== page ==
Clauses 27 and 28
Mr Thembinkosi Mkalipi, Chief Director: Labour Relations, Department of Labour (DOL) explained that the transitional arrangements in the Constitution provided for the Labour Court to be the responsibility for the Minister of Justice and Constitutional Development. Amendments to labour legislation involving the Labour Court could therefore not be introduced by the Minister of Labour.
Professor Paul Benjamin of the University of Cape Town and legal adviser to the DOL explained that clause 27 amended the name of the High Court of South Africa (previously the Supreme Court). Clause 28 clarified the position of Labour Court judges and had been included in earlier drafts of the Bill. Provision was made for Labour Court judges to have the same remuneration and retirement benefits as High Court judges. The same provisions were included in the Superior Courts Bill, which was introduced several years ago but had not yet been finalised. If the Superior Courts Bill was passed, the clauses should be removed from the Labour Relations Act (LRA). The constitutionality of the clauses was not at issue.
Mr Chris Todd, a member of the NEDLAC drafting team said that the transitional arrangements in the Constitution were intended to ensure the coherence of the Courts. Provision was made for the Courts to continue to function in accordance with the applicable legislation. It was accepted that the legislation governing a Court would require amendment from time to time. The transitional provisions included provision for the Court system to be rationalised as soon as practical after the new Constitution took effect. The rationalisation of the Court system was the responsibility of the Minister of Justice and Constitutional Development. Currently, a Labour Court judge did not enjoy equal standing to a judge in the High Court. The proposed amendments to the LRA were made in terms of the transitional arrangements in the Constitution. It was arguable whether or not the country was still in a transitional phase and that changes to legislation should continue to be made in terms of the transitional provisions. Including the same provision in different Bills was to be avoided. The Superior Courts Bill currently before Parliament dealt with the restructuring of the Courts and if passed before this Bill there would be no need to include the provisions concerning the Labour Court in the LRA.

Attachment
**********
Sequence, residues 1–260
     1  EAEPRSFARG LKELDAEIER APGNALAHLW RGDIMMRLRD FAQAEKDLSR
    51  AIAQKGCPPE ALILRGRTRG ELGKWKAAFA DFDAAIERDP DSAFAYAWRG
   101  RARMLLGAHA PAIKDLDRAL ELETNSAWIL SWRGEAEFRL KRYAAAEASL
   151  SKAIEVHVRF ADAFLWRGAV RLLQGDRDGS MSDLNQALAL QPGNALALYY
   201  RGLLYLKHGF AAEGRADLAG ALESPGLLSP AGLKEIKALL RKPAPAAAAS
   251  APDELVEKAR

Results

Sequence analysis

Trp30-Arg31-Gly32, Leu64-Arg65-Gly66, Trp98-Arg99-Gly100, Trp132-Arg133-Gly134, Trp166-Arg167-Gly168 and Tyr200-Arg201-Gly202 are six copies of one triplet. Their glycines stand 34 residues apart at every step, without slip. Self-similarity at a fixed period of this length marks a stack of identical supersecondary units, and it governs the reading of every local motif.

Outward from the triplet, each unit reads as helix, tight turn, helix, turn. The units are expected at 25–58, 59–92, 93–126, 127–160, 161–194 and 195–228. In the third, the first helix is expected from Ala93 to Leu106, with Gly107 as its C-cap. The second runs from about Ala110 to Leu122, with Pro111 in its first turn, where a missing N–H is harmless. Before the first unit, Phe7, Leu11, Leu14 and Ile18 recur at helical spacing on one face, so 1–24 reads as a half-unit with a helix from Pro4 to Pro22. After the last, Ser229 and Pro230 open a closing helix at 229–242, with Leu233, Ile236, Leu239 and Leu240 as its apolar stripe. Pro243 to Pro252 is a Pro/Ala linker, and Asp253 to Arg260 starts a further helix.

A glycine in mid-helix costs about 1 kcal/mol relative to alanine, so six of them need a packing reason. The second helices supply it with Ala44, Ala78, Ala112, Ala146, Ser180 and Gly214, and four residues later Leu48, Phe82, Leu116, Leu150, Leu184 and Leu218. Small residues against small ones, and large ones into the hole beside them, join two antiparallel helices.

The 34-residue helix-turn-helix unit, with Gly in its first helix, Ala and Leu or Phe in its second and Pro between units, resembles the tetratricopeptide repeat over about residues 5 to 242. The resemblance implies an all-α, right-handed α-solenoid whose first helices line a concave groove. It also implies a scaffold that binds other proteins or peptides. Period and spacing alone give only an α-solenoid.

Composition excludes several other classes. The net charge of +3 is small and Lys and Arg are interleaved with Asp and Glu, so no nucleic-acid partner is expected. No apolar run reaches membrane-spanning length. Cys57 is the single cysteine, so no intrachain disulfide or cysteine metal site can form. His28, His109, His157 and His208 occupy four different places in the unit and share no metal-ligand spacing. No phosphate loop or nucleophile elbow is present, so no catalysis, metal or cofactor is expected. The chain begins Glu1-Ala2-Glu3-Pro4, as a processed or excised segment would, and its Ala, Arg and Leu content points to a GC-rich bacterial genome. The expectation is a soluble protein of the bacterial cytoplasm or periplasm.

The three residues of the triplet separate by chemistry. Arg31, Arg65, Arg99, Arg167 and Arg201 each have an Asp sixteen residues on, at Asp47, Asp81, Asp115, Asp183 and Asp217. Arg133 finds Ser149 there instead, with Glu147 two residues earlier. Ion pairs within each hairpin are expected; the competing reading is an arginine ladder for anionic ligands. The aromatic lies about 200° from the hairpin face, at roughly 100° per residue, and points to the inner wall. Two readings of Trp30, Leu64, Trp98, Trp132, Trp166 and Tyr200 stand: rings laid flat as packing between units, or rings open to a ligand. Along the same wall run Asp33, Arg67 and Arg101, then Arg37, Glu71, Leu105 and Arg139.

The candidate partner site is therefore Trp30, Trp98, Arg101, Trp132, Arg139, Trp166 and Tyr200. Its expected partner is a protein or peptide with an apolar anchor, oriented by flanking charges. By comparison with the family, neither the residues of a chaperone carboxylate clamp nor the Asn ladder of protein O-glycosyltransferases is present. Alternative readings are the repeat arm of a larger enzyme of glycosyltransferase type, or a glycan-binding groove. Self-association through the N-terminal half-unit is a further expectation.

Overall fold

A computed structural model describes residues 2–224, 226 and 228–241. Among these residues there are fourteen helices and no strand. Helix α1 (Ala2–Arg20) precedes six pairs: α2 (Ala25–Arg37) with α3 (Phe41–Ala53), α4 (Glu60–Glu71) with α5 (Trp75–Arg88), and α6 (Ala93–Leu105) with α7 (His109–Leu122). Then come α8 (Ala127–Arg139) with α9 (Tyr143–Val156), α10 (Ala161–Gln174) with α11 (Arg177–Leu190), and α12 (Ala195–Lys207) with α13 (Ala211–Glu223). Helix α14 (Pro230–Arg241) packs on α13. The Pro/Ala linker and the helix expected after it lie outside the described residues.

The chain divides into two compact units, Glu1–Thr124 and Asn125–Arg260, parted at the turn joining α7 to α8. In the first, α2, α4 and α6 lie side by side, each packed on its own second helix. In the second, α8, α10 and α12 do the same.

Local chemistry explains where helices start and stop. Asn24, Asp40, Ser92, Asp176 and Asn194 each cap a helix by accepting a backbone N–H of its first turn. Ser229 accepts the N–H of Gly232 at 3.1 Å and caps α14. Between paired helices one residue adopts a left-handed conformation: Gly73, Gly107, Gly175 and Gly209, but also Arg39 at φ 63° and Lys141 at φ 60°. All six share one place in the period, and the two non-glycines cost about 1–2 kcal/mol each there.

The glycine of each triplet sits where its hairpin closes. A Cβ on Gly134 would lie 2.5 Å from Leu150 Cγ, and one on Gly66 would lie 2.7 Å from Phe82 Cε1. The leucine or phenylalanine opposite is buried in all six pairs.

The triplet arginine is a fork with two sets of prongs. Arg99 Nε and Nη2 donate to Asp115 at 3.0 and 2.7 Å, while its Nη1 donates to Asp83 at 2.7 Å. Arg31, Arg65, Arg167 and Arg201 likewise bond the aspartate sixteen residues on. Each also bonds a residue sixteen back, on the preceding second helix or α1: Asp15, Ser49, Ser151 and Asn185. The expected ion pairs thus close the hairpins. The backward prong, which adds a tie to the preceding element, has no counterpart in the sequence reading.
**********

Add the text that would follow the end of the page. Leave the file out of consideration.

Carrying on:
Mr F Maserumule (ANC) asked for comment from the State Law Adviser and the Parliamentary Legal Advisers. The Parliamentary Legal Advisers had recommended that the clauses were omitted from the Bill. He wondered if the constitutionality of the provisions could be challenged.
Ms Zuraya Williams, State Law Adviser advised that the legal team had considered the provisions and the arguments put forward by the Parliamentary Legal Adviser. The Superior Courts Bill included substantive provisions. Her view was that it would not be unconstitutional if clauses 27 and 28 were included in the LRA Bill. Legislation concerning the Courts was best dealt with by the Portfolio Committee on Justice and Constitutional Development but there was no reason why the Committee on Labour could not pass legislation on the Labour Court.
The Chairperson wondered if it would not be better to refer the matter to the Committee on Justice and Constitutional Development.